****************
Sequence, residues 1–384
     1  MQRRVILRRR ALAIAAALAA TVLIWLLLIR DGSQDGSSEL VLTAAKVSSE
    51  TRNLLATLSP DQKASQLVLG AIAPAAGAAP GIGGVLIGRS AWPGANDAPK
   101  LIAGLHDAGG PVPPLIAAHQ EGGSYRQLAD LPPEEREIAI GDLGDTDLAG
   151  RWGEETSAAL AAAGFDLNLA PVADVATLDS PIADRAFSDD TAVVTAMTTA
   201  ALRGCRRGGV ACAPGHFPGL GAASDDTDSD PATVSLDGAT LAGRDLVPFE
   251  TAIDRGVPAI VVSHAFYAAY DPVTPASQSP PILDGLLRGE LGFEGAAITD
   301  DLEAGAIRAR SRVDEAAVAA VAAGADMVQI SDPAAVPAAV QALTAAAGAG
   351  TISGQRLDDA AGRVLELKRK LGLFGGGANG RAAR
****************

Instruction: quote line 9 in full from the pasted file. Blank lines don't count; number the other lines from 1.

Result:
   351  TISGQRLDDA AGRVLELKRK LGLFGGGANG RAAR